Friday, November 27, 2020

Christmas Resources 2020

Last year, I wrote two articles that can be used as a starting point for researching Christmas issues. One of those articles was about how to concisely argue for a traditional Christian view of Jesus' childhood. The other was about how Jesus framed his public ministry around his identity as the figure of Isaiah 9:1-7.

Here are some examples of other Christmas issues we've addressed over the years:

Wednesday, November 25, 2020

Chariots And Horses Of Fire

"Jesus Christ, our most true God, veiled in human form, bows his knee and prays [in John 17], and throws his divine energy into the prayer for the bringing home of his redeemed. This one irresistible, everlastingly almighty prayer carries everything before it. 'Father, I will that they also, whom thou hast given me, be with me where I am,' is the centripetal energy which is drawing all the family of God towards its one home. How shall the chosen get home to the Father? Chariots are provided. Here are the chariots of fire and horses of fire in this prayer. 'I will,' saith Jesus, 'that they be with me;' and with him they must be. There are difficulties in the way — long nights and darkness lie between, and hills of guilt, and forests of trouble, and bands of fierce temptations; yet the pilgrims shall surely reach their journey's end, for the Lord's 'I will' shall be a wall of fire round about them. In this petition I see both sword and shield for the church militant. Here I see the eagles' wings on which they shall be upborne till they enter within the golden gates. Jesus saith, 'I will;' and who is he that shall hinder the home-coming of the chosen? As well hope to arrest the marches of the stars of heaven." (Charles Spurgeon, The C.H. Spurgeon Collection [Albany, Oregon: AGES Software, 1998], Metropolitan Tabernacle Pulpit, Vol. 32, pp. 223-24)

Monday, November 23, 2020

What About Evil? by Scott Christensen


What About Evil cover

Full disclosure: The following is a review of What About Evil? by Scott Christensen.  I am friends with Christensen on Facebook, although I cannot remember precisely the details of how we became Facebook friends. I suspect it’s either because of Triablogue or because of Steve Hays directly. I also received a review copy for free.  However, the following views are my own and are an honest assessment of Christensen’s book.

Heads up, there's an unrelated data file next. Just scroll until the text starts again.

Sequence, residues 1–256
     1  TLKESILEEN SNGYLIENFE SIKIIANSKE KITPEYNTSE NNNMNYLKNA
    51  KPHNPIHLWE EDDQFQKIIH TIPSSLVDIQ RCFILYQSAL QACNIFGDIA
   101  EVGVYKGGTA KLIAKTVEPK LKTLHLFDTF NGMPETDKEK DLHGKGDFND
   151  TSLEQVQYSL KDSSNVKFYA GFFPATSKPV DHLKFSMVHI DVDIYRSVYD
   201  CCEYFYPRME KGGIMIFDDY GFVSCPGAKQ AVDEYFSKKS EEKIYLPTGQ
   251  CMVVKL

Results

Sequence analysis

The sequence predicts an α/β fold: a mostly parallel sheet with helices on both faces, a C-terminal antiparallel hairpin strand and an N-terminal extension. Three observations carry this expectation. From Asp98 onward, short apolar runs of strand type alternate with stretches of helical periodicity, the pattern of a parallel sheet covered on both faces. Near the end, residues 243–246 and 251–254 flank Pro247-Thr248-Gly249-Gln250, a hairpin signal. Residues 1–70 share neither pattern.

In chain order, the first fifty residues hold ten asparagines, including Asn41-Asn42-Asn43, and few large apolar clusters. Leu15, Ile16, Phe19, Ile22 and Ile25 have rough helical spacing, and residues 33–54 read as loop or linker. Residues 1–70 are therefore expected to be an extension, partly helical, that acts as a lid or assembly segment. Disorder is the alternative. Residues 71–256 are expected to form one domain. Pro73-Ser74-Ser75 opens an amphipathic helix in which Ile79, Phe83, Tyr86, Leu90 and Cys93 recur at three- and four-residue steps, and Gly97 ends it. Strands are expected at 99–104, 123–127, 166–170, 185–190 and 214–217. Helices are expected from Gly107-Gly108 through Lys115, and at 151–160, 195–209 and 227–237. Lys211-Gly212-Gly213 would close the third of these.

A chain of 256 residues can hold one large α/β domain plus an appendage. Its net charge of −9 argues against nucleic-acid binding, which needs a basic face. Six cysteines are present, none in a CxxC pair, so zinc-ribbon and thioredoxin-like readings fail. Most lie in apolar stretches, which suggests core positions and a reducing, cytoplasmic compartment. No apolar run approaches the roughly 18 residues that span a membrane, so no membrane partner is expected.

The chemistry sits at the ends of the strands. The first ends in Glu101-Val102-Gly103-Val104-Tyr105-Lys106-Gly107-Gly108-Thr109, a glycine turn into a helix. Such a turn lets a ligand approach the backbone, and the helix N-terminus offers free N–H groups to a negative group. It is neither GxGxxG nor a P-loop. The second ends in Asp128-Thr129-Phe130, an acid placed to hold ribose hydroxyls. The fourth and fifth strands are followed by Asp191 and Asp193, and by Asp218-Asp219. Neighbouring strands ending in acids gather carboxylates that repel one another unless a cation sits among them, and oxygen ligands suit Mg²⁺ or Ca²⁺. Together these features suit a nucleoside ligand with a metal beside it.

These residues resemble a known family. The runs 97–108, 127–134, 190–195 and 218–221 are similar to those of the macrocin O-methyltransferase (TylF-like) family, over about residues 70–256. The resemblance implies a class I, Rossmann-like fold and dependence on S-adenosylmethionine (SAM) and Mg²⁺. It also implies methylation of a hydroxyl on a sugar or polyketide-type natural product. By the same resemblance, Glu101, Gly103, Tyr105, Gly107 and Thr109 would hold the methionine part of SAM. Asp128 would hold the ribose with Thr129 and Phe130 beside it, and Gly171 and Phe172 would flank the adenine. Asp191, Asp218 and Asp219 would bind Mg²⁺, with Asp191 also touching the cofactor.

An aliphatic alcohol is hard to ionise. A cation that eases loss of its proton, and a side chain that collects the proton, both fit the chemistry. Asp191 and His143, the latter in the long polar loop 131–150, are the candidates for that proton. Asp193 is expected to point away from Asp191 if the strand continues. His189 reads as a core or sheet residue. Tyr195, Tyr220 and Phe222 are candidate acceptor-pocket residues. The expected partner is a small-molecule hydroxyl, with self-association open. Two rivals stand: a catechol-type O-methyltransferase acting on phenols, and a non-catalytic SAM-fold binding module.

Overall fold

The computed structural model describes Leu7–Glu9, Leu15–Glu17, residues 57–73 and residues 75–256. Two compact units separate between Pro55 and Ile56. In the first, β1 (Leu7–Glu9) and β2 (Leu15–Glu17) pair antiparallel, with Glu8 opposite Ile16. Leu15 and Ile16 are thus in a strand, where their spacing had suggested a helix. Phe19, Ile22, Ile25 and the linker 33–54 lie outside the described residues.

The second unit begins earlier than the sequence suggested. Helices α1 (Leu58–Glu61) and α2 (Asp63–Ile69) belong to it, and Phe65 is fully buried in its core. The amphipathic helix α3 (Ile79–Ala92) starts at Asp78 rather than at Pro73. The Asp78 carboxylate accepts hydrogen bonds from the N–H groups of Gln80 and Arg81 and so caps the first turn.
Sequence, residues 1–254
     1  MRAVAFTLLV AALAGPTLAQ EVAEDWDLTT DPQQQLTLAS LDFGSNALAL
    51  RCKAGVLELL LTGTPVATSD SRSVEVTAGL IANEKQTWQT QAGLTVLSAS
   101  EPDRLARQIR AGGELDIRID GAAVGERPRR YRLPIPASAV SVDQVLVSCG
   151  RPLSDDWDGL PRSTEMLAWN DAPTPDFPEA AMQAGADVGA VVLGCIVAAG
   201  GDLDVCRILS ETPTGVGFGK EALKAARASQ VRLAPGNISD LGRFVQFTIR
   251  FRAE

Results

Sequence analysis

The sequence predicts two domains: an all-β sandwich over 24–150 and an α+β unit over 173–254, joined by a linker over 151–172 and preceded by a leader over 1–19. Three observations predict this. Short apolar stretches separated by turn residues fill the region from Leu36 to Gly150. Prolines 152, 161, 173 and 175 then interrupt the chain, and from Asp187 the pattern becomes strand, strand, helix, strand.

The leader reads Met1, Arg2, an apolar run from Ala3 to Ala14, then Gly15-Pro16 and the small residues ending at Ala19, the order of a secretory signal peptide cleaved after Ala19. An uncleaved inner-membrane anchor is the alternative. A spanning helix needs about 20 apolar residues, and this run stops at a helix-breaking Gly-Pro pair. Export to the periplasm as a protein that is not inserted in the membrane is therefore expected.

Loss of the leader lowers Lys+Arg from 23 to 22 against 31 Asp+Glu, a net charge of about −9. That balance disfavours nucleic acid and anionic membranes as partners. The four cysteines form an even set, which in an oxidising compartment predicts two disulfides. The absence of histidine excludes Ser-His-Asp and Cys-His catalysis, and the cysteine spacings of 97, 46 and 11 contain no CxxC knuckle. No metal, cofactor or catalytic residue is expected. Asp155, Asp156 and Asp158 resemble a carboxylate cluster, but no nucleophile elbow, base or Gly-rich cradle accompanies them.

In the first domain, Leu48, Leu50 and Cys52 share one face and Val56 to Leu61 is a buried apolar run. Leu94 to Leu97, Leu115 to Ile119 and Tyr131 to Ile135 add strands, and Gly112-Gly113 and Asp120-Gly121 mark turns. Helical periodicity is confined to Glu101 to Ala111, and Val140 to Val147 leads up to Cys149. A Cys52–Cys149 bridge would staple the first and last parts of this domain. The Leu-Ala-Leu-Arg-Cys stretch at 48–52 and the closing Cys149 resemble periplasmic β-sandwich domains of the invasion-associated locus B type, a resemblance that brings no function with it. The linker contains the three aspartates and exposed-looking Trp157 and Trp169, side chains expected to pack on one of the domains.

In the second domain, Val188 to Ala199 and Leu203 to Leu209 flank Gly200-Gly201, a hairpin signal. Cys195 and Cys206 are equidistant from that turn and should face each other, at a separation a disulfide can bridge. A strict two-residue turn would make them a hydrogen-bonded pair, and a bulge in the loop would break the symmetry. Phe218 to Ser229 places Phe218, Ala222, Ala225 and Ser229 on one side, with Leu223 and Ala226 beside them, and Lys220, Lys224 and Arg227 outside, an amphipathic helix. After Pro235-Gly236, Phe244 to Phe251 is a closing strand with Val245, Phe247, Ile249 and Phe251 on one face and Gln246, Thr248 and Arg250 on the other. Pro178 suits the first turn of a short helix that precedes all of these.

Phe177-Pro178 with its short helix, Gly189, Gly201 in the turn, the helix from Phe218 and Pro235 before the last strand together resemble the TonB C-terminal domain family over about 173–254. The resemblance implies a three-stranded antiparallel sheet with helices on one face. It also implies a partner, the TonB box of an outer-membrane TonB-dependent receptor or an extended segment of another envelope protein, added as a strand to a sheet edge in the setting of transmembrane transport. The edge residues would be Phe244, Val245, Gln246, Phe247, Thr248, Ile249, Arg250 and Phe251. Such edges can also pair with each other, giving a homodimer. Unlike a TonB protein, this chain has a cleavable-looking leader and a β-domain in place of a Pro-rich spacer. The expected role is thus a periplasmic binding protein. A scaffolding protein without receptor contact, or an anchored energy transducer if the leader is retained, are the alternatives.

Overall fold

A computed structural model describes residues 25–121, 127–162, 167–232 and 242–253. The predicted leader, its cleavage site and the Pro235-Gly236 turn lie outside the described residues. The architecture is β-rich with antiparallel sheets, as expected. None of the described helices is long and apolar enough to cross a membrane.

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Christensen’s writing style is one that definitely connected with me.  When reading some authors, you can get the sense of overwhelming intellect. They use large words and technical phrases with skill, and you learn a lot from them but it also takes a lot of extra thinking to parse out those sentences.  Christensen’s style is the opposite.  It’s not that his writing is simplistic—far from it—but rather that he writes in such a manner that it is effortless to take in what he is writing about.  In other words, his meaning is plain, not convoluted. His metaphors are obvious, not strained.  And the end result is that reading a paragraph from his book is effortless.  Unlike reading a massive tome where it is a chore to grind out every sentence, Christensen’s style lends to quick, and enjoyable, reading.

Where this becomes a bit unusual is in instances where Christensen lists examples of what he is referring to.  For instance, when giving a list of natural disasters in his introduction (page 2), he includes “...the European Black Death (1347–51), Chilean earthquakes (1647), Krakatoan volcanoes (1883), Spanish flu pandemics (1918), Indonesian tsunamis (2004), Chinese coronavirus pandemics (2020), and endless twisters in Tornado Alley.” Because I am used to reading many technical treatises, my mind immediately asked “why do tornadoes not have any dates listed?  And why did he suddenly move from specific examples to the general example of tornados?  And why only tornadoes and not, say, hurricanes?” 

But of course, Christensen wasn’t trying to make any extra point by including tornadoes there.  He’s simply listing some common examples of natural evils, and the “oddity” of having tornados at the end, not fitting the format of the other items in the list, fits into Christensen’s folksy style.  This is the sort of list someone would make if they were talking extemporaneously in a conversation.

I hope none of that is taken as a criticism. In fact, I think the style of the book helps make it easier for a lay person to read.  And by pointing out the style is “folksy” that in no way means that the arguments Christensen puts forth have no weight.  Instead, it means that (in my opinion) more people will be able to benefit from this writing than if Christensen had used a more academic style.